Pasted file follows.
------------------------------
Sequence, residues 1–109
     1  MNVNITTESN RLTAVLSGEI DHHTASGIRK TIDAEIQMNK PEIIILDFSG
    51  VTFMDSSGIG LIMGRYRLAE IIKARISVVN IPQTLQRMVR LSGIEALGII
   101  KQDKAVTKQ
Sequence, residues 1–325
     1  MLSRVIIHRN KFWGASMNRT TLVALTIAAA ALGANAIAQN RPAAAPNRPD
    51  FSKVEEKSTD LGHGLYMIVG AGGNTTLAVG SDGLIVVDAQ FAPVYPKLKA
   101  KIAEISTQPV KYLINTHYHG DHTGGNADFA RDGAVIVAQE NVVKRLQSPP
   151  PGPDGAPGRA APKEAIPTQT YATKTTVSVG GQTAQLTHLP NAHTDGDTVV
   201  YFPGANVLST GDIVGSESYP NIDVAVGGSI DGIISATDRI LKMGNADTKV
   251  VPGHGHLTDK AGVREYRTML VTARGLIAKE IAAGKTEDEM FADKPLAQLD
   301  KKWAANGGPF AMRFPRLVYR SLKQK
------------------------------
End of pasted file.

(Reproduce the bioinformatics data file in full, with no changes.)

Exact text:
Sequence, residues 1–109
     1  MNVNITTESN RLTAVLSGEI DHHTASGIRK TIDAEIQMNK PEIIILDFSG
    51  VTFMDSSGIG LIMGRYRLAE IIKARISVVN IPQTLQRMVR LSGIEALGII
   101  KQDKAVTKQ
Sequence, residues 1–325
     1  MLSRVIIHRN KFWGASMNRT TLVALTIAAA ALGANAIAQN RPAAAPNRPD
    51  FSKVEEKSTD LGHGLYMIVG AGGNTTLAVG SDGLIVVDAQ FAPVYPKLKA
   101  KIAEISTQPV KYLINTHYHG DHTGGNADFA RDGAVIVAQE NVVKRLQSPP
   151  PGPDGAPGRA APKEAIPTQT YATKTTVSVG GQTAQLTHLP NAHTDGDTVV
   201  YFPGANVLST GDIVGSESYP NIDVAVGGSI DGIISATDRI LKMGNADTKV
   251  VPGHGHLTDK AGVREYRTML VTARGLIAKE IAAGKTEDEM FADKPLAQLD
   301  KKWAANGGPF AMRFPRLVYR SLKQK